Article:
Morocco has been the seat of powerful kingdoms since the 12th century. There is no distinction, really, between the Moors and the Berbers, and for 800 years they ruled not only North Africa but the bottom half of the Iberian (Spanish and Portuguese) peninsula (8th through the 15th centuries).

The French colonized Morocco in 1912, but not without friction. According to the Berbers who live in the High Atlas, many of their "flatland" countrymen acquiesced to French hegemony, but never the mountain dwellers. The High Atlas Berbers objected viscously, and eventually drove the French out in 1956.

But French is still the country's third language—behind Arabic and Berber—and it's compulsory in school. Probably half of all Moroccans are trilingual at least. In this sense, they remind me of the Belgians, who grow up as language experts.

Our tour lasted seven days, which included a day of transfers and traveling once in-country, and a similar day upon exiting. The middle five days were spent aboard bikes.

We rode about 200 miles in those five days, and you might think that this sort of mileage (55 miles was our longest day) is not that much. But it depends on the terrain. The High Atlas includes peaks that rise above 13,000 feet. We rode in the Middle Atlas and the Anti-Atlas. The entire range extends about 400 miles, and bears some resemblance in length, width and altitude to California's Sierra Nevada range (though slightly shorter and not quite as high).

On the first day, we hiked our legs over our top tubes at a starting elevation of 4800 feet. We ended the day just above 7500', after 40 miles, a couple of passes and about 5000 feet of total vertical. All the high mountains were snow covered by the time we arrived, in the beginning of December. For the last few miles of our day-1 ride we pedaled through a bit of snow and mud left over from a storm a few days earlier.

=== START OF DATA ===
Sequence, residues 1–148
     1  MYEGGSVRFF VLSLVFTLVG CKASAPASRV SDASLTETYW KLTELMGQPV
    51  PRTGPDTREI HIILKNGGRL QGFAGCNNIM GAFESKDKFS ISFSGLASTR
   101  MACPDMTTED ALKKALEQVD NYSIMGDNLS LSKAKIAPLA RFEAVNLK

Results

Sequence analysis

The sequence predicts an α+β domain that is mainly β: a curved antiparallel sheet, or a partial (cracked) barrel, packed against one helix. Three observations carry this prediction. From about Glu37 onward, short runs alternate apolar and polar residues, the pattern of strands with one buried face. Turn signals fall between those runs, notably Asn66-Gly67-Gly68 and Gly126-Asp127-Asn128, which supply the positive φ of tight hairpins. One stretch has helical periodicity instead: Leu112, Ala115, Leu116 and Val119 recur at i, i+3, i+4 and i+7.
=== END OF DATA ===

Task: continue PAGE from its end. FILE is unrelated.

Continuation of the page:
The terrain is, in parts, rocky and challenging. We were not in what you might think of as the Sahara desert, that is, a desert of white sand and dunes. Traction was almost always good and it was not particularly sandy or dusty.

When we weren't in the mountains, we were in a grassless savanna (if there is such a thing), amid a sparse forest of acacia, with the occasional sighting of a browsing camel.

Most Moroccans are Berbers and can be categorized various ways. One distinction is between sedentary versus nomadic. Sedentary in this sense does not mean chair-bound, rather they are not nomads. Most of the Berbers we encountered were sedentary, living in villages almost always in the proximity of an old casbah (How old? I could never get a good answer on that).

A casbah is a walled semi-fortress inside of which the prominent family in the village lived. The villages we encountered were mostly situated along streams and rivers, in which agriculture predominated life and commerce. Date palms, fig trees, and mint (for the population's ubiquitous mint tea) was most of what I noticed.

My reticence in coming had to do with the geopolitics of today. Americans traveling to a Muslim country? During the middle of the Arab Spring?

By the time I was three days in I felt safer in Morocco than were I in Los Angeles. By the fifth day: Ich bin ein Berber. Drinking traditional Moroccan mint tea out of a Moroccan tea set I carried back on the plane has become an addition to my routine back at home, and modern Moroccan electric and acoustic music has become a part of my playlist (see Rachid Taha and Souad Massi).